Join us for the discussion of this novel on December 9 and for the Everettberg Theater premiere on December 11.

Tuesday, October 20, 2009

October = Halloween and Stephen King

We are celebrating the month of All Hallows Eve with a novel by the Scare Master himself, Stephen King. After much weighing of the many frightening possibilites, we settled on Pet Semetary. Below is the novel's synopsis as it appears on King's website:

The road in front of Dr. Louis Creed's rural Maine home frequently claims the lives of neighborhood pets. Louis has recently moved from Chicago to Ludlow with his wife Rachel, their children and pet cat. Near their house, local children have created a cemetery for the dogs and cats killed by the steady stream of transports on the busy highway. Deeper in the woods lies another graveyard, an ancient Indian burial ground whose sinister properties Louis discovers when the family cat is killed.

What this synopsis does not reveal is that Louis visits the burial ground on a second occassion; this time instead of the family pet, he brings family.

Join us for the discussion of this novel on Wednesday, November 11.

The Everettberg Theatre premier of Pet Semetary will be Friday, November 13.

Click the link on the right to watch the movie trailer.

Wednesday, September 23, 2009

Will the jury think it was a time to kill?

Carl Lee Hailey (played in the movie by Samuel L. Jackson) is on trial for murdering the young men who abducted and assaulted his daugher. To complicate matters, Hailey is black; the men he killed are white. And this is all taking place in Canton, Mississippi.

Jake Brigance (played by Matthew McConaughey) takes on Carl Lee's case, despite the danger to him, his family and his career.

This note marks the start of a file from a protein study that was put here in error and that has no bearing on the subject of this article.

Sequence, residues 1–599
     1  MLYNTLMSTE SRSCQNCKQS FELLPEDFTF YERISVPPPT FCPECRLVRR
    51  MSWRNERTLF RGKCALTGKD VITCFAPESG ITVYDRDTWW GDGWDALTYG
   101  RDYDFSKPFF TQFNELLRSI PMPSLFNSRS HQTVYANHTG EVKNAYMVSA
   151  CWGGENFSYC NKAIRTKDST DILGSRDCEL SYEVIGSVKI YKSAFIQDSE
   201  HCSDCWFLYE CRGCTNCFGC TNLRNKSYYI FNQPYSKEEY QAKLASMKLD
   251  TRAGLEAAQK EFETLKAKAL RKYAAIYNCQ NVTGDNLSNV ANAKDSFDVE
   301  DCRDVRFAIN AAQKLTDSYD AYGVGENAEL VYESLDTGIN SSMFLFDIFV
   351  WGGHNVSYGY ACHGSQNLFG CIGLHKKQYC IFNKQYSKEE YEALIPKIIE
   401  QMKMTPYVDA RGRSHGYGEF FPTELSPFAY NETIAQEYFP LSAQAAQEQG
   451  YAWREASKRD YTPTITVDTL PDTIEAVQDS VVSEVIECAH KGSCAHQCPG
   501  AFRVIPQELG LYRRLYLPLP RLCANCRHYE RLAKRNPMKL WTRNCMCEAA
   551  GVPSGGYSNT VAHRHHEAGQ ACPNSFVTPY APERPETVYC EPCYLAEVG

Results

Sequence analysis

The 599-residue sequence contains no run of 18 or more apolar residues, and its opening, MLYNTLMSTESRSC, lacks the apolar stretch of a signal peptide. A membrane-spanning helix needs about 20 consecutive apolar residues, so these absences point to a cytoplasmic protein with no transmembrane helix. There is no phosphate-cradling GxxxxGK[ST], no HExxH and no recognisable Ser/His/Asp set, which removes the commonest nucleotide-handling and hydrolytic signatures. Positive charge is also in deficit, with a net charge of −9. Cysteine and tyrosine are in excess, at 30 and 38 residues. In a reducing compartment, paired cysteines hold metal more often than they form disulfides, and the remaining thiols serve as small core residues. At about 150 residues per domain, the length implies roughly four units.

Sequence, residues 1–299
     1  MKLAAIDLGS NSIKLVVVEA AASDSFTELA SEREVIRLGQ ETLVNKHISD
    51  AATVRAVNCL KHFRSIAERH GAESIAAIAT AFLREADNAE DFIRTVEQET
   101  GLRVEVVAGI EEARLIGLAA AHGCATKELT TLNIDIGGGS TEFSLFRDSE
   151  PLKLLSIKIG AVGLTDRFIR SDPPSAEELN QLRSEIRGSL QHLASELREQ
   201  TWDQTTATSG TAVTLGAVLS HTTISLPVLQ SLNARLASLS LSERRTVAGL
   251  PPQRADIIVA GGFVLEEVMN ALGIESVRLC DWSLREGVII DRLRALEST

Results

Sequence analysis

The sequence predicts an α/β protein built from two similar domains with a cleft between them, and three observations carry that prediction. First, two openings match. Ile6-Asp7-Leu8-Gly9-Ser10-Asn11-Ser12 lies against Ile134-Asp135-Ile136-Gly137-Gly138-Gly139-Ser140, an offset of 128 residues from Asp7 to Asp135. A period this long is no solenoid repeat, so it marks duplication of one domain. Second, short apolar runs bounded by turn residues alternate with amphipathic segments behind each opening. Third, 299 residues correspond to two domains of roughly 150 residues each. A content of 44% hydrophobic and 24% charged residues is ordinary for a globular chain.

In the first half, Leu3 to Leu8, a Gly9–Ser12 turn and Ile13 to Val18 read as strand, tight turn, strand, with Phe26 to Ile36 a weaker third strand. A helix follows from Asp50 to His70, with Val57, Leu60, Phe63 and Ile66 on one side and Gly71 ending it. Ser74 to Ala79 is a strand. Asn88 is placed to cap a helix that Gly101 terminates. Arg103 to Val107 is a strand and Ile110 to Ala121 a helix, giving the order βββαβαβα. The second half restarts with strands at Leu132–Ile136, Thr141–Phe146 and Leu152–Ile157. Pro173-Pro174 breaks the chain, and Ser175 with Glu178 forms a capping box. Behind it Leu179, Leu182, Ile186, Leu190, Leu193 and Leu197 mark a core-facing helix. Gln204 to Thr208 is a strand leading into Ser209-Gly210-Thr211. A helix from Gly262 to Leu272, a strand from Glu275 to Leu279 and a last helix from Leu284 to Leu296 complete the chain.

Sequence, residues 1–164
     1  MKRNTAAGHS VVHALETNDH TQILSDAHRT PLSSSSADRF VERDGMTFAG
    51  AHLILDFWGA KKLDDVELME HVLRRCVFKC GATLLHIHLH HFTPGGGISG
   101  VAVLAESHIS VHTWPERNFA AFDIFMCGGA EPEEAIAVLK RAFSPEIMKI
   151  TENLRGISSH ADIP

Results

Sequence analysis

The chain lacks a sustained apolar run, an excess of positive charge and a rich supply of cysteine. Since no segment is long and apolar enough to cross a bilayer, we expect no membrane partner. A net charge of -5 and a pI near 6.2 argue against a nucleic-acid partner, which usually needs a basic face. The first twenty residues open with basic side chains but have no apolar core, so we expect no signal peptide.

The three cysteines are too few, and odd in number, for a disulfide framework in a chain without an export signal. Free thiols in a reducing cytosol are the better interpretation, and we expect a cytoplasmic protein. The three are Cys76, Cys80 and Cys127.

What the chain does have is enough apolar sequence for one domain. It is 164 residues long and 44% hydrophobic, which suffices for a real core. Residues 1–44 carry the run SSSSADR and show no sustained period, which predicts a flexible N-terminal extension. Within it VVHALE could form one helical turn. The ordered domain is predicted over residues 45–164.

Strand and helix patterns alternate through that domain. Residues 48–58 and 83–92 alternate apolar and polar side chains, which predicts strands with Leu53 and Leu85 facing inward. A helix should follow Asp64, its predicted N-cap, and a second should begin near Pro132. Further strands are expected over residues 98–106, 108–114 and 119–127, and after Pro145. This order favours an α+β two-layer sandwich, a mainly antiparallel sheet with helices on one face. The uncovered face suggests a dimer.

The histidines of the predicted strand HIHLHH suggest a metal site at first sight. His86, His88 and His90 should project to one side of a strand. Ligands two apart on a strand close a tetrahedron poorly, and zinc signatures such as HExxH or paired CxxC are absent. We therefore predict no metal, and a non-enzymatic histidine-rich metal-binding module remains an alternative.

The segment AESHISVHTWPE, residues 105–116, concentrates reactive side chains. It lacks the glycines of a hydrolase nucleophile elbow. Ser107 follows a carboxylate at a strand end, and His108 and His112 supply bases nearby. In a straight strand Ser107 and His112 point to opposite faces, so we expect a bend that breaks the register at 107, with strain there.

Ellen Roark (played by Sandra Bullock) is a spunky law student from Massachussets who offers to help Brigance with the case.

The author, John Grisham, was a lawyer before becoming a writer, and nearly all of his books feature a riveting court case and/or the struggles of a young lawyer. If you like this book, you may also like The Firm and The Testament. His book A Painted House is a step away from this theme.

Join us for the discussion of A Time to Kill on Wednesday, October 14, in the library after school.

Friday, September 11, 2009

Nothing gold can stay.

Our first book of the year is The Outsiders. The book is narrated by Ponyboy, a greaser who lives with his two older brothers. The greasers, known as such because of the hair oil they use, are often taunted by the town's Socs (short for Socials). After Ponyboy and Johnny are seen walking a couple of Soc girls home, they are jumped by the girls' boyfriends. This sets in motion a series of events that changes things forever. As Cherry Valance says, "Things are hard all over."

The meeting to discuss The Outsiders will be held after school in the library on Wednesday, Sept. 16.

Film and Food Friday will be Sept. 18.

We hope to see you at both!

Thursday, August 20, 2009

New Year, New Theme

Welcome back to school and back to Book Club!

The first meeting of the year will be Wednesday, September 2, in the library after school.

This year's theme is "Don't judge a book by it's film." We will read books that have been adapted into movies, then watch the movie versions on Film and Food Fridays.

The first book of the year will be announced at the first meeting.

Mrs. Richart, Mrs. Price and I hope to see you there!